As families learn to live without loved ones lost at the hands of illegal alien felons, their pain is compounded by the sense of betrayal they feel as the justice system rushes to provide the perpetrator with protection.

It isn’t that there aren’t federal laws requiring illegal aliens convicted of committing felonies to be deported – there are.

U.S. Immigration and Customs Enforcement (ICE) is charged with enforcing these laws, but cities and states are standing in the way.

ICE Director Sarah Saldana told a Congressional Committee, “a significant factor affecting efforts to deport undocumented immigrants has been the increase in state and local jurisdictions that are limiting their partnership, or wholly refusing to cooperate, with ICE immigration enforcement efforts.”

They are called “sanctuary cities” – places with resolutions, local ordinances, state statutes and executive orders authorizing their violation of the 1996 Illegal Immigration Reform and Immigrant Responsibility Act.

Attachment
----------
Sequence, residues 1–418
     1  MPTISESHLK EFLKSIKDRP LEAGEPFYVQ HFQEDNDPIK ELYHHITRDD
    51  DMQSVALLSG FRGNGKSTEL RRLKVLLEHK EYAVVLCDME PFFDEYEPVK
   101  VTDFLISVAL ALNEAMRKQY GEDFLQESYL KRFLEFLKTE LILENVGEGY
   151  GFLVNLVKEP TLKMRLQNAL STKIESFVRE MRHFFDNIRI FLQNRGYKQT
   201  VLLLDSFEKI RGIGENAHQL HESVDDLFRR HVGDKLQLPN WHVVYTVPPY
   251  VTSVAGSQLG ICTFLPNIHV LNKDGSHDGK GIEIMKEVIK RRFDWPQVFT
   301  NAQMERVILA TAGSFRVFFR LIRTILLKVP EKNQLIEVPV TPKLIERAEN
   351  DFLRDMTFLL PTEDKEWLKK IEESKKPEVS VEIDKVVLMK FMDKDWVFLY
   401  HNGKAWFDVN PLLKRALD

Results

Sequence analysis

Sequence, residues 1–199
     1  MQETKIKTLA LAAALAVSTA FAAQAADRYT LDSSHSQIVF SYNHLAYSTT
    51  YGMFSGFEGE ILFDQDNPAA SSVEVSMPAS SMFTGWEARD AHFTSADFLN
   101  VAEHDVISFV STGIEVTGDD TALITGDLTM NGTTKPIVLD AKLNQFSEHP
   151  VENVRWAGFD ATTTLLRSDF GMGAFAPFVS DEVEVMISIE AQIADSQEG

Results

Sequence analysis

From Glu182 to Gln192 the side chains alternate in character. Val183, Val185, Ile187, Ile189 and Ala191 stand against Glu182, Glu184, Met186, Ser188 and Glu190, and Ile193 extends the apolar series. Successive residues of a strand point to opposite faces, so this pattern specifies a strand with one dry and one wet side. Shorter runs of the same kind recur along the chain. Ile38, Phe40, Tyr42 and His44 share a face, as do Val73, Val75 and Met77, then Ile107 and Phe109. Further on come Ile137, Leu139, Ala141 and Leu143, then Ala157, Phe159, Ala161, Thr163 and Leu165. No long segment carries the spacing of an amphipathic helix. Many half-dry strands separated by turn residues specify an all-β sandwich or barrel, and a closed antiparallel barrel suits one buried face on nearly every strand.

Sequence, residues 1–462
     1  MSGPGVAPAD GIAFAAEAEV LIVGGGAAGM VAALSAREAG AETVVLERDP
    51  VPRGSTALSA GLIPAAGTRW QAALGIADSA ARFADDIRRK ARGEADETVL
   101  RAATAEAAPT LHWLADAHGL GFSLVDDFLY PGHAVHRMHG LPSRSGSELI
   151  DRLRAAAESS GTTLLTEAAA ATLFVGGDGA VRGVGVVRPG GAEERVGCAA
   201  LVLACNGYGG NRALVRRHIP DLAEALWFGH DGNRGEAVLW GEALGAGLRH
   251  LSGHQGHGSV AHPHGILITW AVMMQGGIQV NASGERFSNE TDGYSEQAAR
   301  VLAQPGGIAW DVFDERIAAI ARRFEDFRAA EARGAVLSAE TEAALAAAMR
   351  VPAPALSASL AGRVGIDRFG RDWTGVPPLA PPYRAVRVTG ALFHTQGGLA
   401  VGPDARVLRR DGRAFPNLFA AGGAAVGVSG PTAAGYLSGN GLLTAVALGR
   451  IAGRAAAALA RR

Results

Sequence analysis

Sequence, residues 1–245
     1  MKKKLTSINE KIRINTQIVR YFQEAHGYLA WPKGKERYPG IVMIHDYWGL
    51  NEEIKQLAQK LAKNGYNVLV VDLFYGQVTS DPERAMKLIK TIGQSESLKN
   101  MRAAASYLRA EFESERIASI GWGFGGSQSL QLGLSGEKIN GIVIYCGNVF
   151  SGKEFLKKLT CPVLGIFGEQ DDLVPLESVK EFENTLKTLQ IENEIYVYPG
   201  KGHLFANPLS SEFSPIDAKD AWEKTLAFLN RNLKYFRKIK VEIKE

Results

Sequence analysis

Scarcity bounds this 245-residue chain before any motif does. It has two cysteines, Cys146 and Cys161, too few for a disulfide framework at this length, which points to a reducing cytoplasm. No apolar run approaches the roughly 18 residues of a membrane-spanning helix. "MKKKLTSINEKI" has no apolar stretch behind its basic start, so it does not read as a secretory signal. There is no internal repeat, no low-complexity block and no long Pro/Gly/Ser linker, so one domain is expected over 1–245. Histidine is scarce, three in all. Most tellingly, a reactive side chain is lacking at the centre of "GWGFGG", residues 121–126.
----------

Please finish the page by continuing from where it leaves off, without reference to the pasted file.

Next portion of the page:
And there are more than 340 of them nationwide.

According to ICE estimates, there are more than 1.2 million criminal aliens at large in the U.S. and if ICE requests notification when one is arrested or released from custody, rules established by the sanctuaries make it impossible.

The rules are written to protect the guilty.

In Philadelphia, which even Obama’s Secretary of Homeland Security, Jeh Johnson, calls “one of the worst,” ICE will not be notified unless the suspect has a conviction of a first- or second-degree felony that involves violence.

Why would cities prohibit their cops from cooperating with federal immigration officials to make their communities safer?

Officials say it boils down to politics.

The simple truth is that the immigrant population is now so large that politicians cannot risk offending them – even when it means exposing the public to increased danger.

It was this kind of thinking that created a tragedy when San Francisco refused a detention request from ICE, releasing a five-time deportee with seven felony convictions.

Not surprisingly, less than 90-days later Juan Francisco Lopez-Sanchez was charged with the murder of Kate Steinle, a 32-year-old woman who was walking on Pier 14 with her father.

Advocates say an “undocumented person” like Lopez-Sanchez deserves the presumption of innocence provided by sanctuary cities.

Others, including her parents who recently filed a wrongful death action against San Francisco, believe that Kate Steinle deserved that presumption, too.



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